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Coronavirus In Ohio: State Borrows $3.1 Billion After Unemployment Fund Goes Broke

Ohio Department of Jobs and Family Services in downtown Columbus.
Ohio Public Radio
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Ohio's unemployment compensation fund is officially broke, and the state has asked the federal government to borrow $3.1 billion so payments can keep going out to out-of-work residents.

In the last 90 days, Ohio has paid out $4.1 billion to 699,000 Ohioans – that's a full billion more than has ever been paid out in a full year. Fewer than 6% of claims, or just over 71,000, are still pending, while about 30% of claims have been denied.

By Tuesday, there was only about $88 million in the unemployment compensation fund, so the state asked for a $3.1 billion line of credit from the federal government and started to take funds from it.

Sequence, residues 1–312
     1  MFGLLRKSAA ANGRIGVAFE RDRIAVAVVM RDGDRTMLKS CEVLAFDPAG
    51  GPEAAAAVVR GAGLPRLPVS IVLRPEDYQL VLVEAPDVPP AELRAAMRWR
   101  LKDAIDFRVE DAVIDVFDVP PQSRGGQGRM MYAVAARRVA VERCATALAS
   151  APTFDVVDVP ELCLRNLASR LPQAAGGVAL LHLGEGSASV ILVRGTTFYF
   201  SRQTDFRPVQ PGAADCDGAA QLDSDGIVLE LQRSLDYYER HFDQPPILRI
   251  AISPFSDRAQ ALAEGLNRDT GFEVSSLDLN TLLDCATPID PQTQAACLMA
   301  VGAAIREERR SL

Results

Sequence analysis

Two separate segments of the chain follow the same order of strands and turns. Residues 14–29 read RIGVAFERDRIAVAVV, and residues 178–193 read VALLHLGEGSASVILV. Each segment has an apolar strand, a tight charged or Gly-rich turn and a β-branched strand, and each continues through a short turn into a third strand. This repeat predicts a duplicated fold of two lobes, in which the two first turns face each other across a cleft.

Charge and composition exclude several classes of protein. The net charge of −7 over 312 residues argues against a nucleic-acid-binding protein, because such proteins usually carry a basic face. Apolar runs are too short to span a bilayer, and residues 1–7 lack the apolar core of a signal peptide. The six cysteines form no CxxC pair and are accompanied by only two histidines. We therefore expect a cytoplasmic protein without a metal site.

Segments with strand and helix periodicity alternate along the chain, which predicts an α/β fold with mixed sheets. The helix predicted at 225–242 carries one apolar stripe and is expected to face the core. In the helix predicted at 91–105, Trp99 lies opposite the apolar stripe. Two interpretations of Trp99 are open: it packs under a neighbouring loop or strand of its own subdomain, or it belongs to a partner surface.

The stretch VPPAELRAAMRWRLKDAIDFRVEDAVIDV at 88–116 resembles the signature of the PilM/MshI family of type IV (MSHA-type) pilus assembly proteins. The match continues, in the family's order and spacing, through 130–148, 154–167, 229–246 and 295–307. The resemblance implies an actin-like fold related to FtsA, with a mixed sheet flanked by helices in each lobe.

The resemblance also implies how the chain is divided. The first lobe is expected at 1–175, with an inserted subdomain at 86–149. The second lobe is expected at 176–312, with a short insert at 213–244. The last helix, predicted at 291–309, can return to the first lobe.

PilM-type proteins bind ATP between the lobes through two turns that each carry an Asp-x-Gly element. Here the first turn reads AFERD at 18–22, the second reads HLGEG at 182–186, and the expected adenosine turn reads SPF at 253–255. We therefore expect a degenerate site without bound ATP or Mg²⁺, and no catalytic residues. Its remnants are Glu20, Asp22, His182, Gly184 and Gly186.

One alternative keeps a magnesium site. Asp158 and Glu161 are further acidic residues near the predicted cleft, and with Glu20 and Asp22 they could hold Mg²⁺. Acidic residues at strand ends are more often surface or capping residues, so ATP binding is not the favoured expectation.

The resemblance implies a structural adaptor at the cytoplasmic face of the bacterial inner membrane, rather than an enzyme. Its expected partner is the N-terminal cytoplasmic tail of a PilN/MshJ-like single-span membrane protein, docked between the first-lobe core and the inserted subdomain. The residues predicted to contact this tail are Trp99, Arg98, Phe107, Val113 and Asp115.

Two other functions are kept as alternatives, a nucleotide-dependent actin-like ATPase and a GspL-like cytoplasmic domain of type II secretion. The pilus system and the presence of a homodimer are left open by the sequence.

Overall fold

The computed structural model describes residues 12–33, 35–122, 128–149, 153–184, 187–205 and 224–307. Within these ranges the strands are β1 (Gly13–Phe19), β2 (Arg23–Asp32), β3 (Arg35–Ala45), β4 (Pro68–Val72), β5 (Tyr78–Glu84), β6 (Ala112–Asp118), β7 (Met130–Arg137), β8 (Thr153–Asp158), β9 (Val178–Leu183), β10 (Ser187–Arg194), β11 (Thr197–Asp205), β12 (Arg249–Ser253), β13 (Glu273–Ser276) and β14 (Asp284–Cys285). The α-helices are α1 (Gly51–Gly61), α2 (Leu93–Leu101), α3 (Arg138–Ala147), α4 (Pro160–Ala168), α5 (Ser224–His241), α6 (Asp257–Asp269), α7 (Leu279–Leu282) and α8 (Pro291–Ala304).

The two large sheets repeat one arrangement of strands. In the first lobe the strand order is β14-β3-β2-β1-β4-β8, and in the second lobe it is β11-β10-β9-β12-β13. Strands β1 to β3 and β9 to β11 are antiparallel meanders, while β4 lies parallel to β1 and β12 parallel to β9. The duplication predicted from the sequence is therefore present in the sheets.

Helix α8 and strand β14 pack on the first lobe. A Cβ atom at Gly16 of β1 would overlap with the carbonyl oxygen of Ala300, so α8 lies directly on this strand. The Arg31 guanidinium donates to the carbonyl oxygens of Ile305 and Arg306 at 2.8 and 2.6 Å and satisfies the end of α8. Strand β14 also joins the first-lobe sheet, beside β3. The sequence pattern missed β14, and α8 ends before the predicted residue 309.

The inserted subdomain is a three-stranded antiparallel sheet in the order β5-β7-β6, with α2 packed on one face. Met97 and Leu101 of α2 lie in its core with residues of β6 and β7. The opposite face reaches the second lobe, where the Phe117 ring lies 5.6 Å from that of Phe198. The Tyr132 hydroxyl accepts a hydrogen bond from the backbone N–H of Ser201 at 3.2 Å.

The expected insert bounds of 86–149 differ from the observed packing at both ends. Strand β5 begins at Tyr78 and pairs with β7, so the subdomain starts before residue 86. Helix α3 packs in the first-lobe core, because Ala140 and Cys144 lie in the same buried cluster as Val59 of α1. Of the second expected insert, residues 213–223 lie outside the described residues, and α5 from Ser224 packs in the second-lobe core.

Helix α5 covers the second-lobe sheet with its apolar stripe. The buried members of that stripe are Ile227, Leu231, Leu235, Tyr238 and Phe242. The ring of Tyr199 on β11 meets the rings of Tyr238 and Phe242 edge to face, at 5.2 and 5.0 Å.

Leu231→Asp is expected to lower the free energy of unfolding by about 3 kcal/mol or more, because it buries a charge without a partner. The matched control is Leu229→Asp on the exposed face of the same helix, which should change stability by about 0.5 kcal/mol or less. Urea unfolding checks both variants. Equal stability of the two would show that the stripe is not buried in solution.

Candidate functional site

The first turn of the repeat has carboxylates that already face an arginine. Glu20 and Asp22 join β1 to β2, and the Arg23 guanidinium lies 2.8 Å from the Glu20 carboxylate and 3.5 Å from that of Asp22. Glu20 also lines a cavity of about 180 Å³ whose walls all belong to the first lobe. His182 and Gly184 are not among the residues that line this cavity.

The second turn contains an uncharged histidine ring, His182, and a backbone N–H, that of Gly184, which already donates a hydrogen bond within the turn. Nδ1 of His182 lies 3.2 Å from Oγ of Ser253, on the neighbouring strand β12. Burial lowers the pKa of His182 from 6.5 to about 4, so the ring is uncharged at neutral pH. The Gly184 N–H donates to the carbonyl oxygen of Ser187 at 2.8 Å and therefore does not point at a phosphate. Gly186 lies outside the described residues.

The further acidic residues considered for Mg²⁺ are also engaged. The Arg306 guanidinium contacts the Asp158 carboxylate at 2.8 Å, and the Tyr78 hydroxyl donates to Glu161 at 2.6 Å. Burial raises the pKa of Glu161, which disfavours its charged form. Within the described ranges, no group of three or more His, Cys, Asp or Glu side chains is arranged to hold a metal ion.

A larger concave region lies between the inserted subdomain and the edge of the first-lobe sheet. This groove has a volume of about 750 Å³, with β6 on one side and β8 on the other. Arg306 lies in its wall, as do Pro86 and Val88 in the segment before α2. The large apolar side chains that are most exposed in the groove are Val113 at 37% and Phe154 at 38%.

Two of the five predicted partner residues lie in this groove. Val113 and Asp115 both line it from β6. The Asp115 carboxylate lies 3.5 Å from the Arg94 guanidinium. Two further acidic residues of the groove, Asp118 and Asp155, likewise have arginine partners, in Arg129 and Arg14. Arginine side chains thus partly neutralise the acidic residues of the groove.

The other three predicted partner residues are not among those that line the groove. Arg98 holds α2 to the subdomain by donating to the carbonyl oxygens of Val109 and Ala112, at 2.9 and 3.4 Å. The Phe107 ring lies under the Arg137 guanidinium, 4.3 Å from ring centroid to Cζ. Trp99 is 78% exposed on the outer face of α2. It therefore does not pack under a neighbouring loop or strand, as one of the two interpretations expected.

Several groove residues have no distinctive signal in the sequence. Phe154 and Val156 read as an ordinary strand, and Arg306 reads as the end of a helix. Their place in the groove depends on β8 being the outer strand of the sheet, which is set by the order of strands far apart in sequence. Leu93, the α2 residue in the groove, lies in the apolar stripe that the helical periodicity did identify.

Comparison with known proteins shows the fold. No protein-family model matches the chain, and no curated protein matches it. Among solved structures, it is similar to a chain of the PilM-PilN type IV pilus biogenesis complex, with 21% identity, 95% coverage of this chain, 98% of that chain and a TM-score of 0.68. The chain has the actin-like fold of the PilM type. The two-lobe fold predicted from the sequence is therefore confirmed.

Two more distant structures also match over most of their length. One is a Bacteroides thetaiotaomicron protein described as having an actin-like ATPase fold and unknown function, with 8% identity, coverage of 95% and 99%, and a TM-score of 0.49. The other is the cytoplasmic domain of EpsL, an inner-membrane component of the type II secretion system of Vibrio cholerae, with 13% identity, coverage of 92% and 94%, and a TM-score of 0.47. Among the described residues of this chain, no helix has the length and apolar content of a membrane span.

Ohio Department of Job and Family Services director Kim Hall said the government will waive interest on what’s borrowed through the end of the year, but the interest rate will increase to 2.4% on January 1.

“If the state doesn't pay in full by November 2022, then employers will see a gradual increase in their unemployment taxes. That will be due in January of 2023," Hall said.

The interest rate ticks up by 0.3% every year after that.

State lawmakers are considering other options, such as asking voters for permission to issue bonds to pay back the loan sooner. When the fund went broke in 2008, it took seven years to pay off the state’s $3.4 billion loan.

Ohio is not the only state that's borrowing money to shore up its fund. Eight other states have requested borrowing authority but haven't tapped that money yet.